by Jeff Fiedler
Albums from the Lost & Found is a regular feature on thegreatalbums.com in which contributor Jeff Fiedler reviews and helps us rediscover great pop albums that seem to have been lost to time.
About ten years ago, I was perusing the CDs at a local library and ran into an unfamiliar album by the title of Free Me, billed to an artist simply by the name of Emma. The album cover nearly looked like something out of the ‘60s, and until I inspected the back cover for a copyright date, I thought it make actually be an archival reissue of an obscure album from decades past. I was wildly intrigued and had to borrow it. Not until I was back home scanning the liner notes on the disc while the album played did I notice that all the songs were co-credited to an “Emma Bunton,” and only at that point did I realize, “I have just brought home an album by Baby Spice.” The funny thing is, had I not known her proper name, it might have taken me much longer to realize who I was listening to, as it is nearly impossible to tell from the music on this album that you’re listening to a solo album by a Spice Girl. Even funnier, the album impressed me so much that I actually ended up going out and buying a copy for myself the next week. Mind you, I was in disbelief the entire time I was standing at the checkout counter that I was actually buying a solo album by a Spice Girl – thankfully, I don’t think the cashier could tell who “Emma” was, either – but the record was quite seriously that fantastic.
Even if you don’t particularly take to the retro-flavored adult-contemporary pop of this album, you still have to be impressed by how utterly daring of a solo album this was for Bunton to both make and release. There was absolutely no way this album ever had a chance of getting noticed in America, although it did make some waves in Britain. This album not only doesn’t sound anything whatsoever like the Spice Girls’ bubblegum of old (except possibly their ballad “2 Become 1”), but it doesn’t even sound like an album made in the ‘00s. Instead, Bunton has drawn almost exclusively on the sound of swinging ‘60s pop as her model for the songs on this disc, this album being steeped in the sounds of such sophisticated adult-contemporary artists of old such as Burt Bacharach (whose music is clearly a huge influence on the disc), Sergio Mendes and Brasil ‘66, Dusty Springfield, Astrud Gilberto, and Petula Clark.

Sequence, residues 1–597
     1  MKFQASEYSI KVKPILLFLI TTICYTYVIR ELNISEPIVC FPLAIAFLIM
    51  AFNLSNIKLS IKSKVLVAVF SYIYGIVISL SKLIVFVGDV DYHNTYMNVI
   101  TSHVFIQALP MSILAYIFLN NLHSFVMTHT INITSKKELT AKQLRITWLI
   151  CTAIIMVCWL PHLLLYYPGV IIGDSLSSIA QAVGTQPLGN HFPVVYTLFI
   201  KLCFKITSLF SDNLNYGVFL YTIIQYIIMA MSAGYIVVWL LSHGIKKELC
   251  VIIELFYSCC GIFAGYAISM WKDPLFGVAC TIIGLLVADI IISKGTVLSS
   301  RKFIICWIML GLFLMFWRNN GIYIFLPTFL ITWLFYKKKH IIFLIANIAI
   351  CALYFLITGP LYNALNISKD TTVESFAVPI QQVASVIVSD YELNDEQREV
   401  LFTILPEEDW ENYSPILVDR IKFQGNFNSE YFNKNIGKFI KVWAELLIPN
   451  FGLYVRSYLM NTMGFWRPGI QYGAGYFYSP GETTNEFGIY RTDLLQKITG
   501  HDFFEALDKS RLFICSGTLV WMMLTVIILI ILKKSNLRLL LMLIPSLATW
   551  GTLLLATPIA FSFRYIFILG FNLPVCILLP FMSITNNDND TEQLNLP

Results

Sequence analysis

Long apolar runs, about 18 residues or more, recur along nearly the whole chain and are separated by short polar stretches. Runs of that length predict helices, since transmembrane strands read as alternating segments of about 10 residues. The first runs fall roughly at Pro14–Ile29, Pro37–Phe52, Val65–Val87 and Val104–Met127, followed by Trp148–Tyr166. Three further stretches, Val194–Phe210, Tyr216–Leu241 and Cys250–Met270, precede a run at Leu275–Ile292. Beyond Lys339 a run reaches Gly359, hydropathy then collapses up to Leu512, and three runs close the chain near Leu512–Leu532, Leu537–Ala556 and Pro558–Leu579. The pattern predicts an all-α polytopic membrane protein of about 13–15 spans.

This is music that – sadly – was already out of vogue years before Bunton was even born and isn’t particularly well-known among younger ears. (If you’re not familiar with the name Burt Bacharach, do yourself a huge favor and go look him up.) It’s consequently thoroughly shocking to think that a former Spice Girl even is familiar with and enthusiastically absorbs this music, never mind being enough of a fan to want to construct an entire solo album around this kind of material at the potential detriment of their career.
Free Me ends up being the equal of the ’60s pop albums it wants to emulate: it’s retro yet hip, sophisticated and classy, effortlessly sexy without ever actually being risqué, alternately laid-back and Technicolor-vibrant, extremely relaxing in its gentlest moments, lushly orchestrated, and carefully designed to work as an album piece. Bunton, who co-wrote all but one of the tracks here, may not have been the most distinguished vocalist in the Spice Girls but her gentle purr fits the mood and style of these songs just perfectly, and she lets the melodies stand on their own beauty, and, boy, are these ever well-crafted songs!
The title cut sounds as if it could have been the theme to an early Bond film, while “Maybe” is a note-perfect bossa-nova tune with a well-integrated hint of vintage-French-pop in its instrumental breaks. “Crickets Sing for Anamaria” is an amazingly well-done cover of a vibrant bossa-nova number from an Astrud Gilberto album from the late Sixties. “I’ll Be There” brings a slight hint of early Motown to the proceedings, while “Amazing,” a duet with Latin singer Luis Fonsi, is an easygoing samba. The fluffy pop of “You Are” is contagious, and the devastatingly pretty “Tomorrow” has the most sophisticated, Bacharach-like melody in the bunch, and even fittingly works a trumpet into the instrumental arrangement of its choruses. The orchestral arrangement of the album-closing ballad “Something So Beautiful” is brilliant, the track’s final twenty seconds bringing the retro-flavored flavored album to the most fitting of endings.
I don’t have a good excuse for why I bought Geri Haliwell’s Schizophonic.